This has become too rare, I suddenly realized — this unscheduled gift of a moment.
I was sitting on the small sofa in our front room, watching our 3-year-old granddaughter Carolyn as she arranged a family of toy mice on top of the trunk that doubles as a coffee table. She was softly singing a made-up song, seemingly oblivious to me until I heard the ending: “…and Grandma is right there, watching me.”
She looked up at me and smiled. “I see you,” I said.
Her soft mention reminded me of what her mother, Liz, had once yelled during a family gathering when she was 5 years old. “When I say, ‘Please pass the grandmother,’ it means I want some attention.”
I didn’t know Liz back then. I didn’t even meet her until the year before I married her father, when she was still a teenager. Nevertheless, I know many of her and her sister’s funny quotes from childhood because, for more than a dozen years of his single parenthood, Sherrod wrote down their exchanges in his “Funny Book.” By the time I met him, the “Funny Book” had become a cherished family heirloom. He hand-copied every page, twice, so that he could give each daughter a copy on her wedding day.
Early in my columnist career — 16 years ago, to be precise — I wrote about Sherrod’s “Funny Book,” in the hope that it would inspire others to start their own books for the children in their lives. Back then, I used to share personal stories fairly frequently, on the advice of my editor, Stuart Warner. Revealing the less political parts of me, he argued, might close the distance with more conservative readers who thought we had nothing in common.
Maybe they hated my views on abortion, for example, but could appreciate stories from my life as a single mom. The same people outraged about my long support for same-sex marriage might see themselves in my love for Springsteen and Motown, my faith in the comforts of a denim jacket and my over-the-top affection for my dog. Some of my favorite reader letters begin with, “I hate your politics, but…”
In the last three years or so, I’ve lost touch with that part of myself as a columnist. Our country is in crisis, and sides are bitterly drawn. After Donald Trump was elected, I started thinking that virtually every column I write must deal with Very. Serious. Things.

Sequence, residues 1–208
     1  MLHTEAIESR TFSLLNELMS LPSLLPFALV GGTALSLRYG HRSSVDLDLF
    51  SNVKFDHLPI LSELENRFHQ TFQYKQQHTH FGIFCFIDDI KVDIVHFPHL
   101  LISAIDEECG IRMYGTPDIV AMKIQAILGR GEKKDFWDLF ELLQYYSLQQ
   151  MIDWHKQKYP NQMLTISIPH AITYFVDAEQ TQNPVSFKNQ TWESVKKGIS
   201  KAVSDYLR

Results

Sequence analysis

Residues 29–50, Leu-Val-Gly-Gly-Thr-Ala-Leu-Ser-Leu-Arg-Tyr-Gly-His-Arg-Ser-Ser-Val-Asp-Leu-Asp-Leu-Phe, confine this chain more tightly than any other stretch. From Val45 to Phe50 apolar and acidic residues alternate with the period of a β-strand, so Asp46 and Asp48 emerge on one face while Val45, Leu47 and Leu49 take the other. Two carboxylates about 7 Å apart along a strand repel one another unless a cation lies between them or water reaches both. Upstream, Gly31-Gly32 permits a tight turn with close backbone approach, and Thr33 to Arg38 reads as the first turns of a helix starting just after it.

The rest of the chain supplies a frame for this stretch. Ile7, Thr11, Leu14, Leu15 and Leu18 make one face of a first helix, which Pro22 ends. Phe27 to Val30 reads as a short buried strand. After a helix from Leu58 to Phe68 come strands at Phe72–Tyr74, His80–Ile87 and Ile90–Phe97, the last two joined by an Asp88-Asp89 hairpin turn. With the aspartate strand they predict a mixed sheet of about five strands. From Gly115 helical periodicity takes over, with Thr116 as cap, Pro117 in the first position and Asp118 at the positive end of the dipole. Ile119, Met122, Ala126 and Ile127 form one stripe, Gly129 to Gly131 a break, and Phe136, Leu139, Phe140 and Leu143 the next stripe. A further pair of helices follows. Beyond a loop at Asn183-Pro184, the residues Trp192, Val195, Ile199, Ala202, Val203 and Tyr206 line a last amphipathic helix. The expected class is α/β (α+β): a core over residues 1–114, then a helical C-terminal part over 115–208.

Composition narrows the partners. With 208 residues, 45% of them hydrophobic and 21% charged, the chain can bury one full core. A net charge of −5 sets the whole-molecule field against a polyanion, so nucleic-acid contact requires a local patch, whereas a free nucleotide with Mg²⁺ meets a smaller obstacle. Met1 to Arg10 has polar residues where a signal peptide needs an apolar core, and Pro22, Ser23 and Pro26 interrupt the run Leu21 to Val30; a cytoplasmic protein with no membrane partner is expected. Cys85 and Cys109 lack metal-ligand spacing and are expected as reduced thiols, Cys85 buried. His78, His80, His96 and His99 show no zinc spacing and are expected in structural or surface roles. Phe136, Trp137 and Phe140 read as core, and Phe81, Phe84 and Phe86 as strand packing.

Well, what could be more serious than the state of our hearts?
When our first grandchild started talking, I bought a leather-bound notebook. The “Grandparents’ Funny Book,” we call it, and it is slowly filling with stories of our seven grandchildren’s lives.
Page 14: “Grandma,” 3-year-old Jackie said as I was cooking at the stove, “sometimes I say #*@^ and I’m not supposed to.”
Fortunately, I’d had prior warning of this new habit. “Well,” I said, “sometimes I say #*@^, too, and I’m not supposed to. How about we both agree to stop saying it? Deal?”
Page 5: In the summer of 2012, Sherrod was walking 4-year-old Clayton into preschool.
Clayton: “Grandpa, wanna know a secret?”
Sherrod: “Sure, buddy.”
Clayton: “I go a lot faster if you stop saying, ‘Go faster.'”
Page 21, thanks to a Facebook post from son-in-law Matt: “Lately, Leo has been waking up in the morning and joyously screaming: ‘It’s the next day! Look, the sun is out! It’s the next day!'”
Reading these pages full of our grandchildren’s words slows my pulse and reminds me why I’m still in the fight. It sounds cliche to say you want to have the right answer when your grandchildren one day ask what you did during this time in our country — until you imagine being on the receiving end of that question. It turns out that the mother who never wanted to let her children down is now the grandmother who hopes to make their children proud.
As I am writing this, I am on a flight to visit my 3-year-old grandson Milo and his younger sister, Ela. My daughter’s birthday is tomorrow, and this trip is a surprise, thanks to her husband. I used to think no one could love my Cait enough, until I met Alex.
Milo and I have big plans. We discussed over FaceTime last week what we would bake for his mother’s birthday. “Mommy wants a cake and cupcakes,” he assured me. “She needs both.”
Well then, that is what we shall make, and I will make note of his instructions in our “Grandparents’ Funny Book.” Years from now, I want Milo to know that, in this time of great turmoil in our country, Grandma Connie was hanging on his every word.
Connie Schultz is a Pulitzer Prize-winning columnist and professional in residence at Kent State University’s school of journalism. She is the author of two books, including “…and His Lovely Wife,” which chronicled the successful race of her husband, Sherrod Brown, for the U.S. Senate. To find out more about Connie Schultz (firstname.lastname@example.org) and read her past columns, please visit the Creators Syndicate webpage at www.creators.com.
IMAGE: Connie Schultz’s husband — and co-grandparent — Sen. Sherrod Brown (D-OH).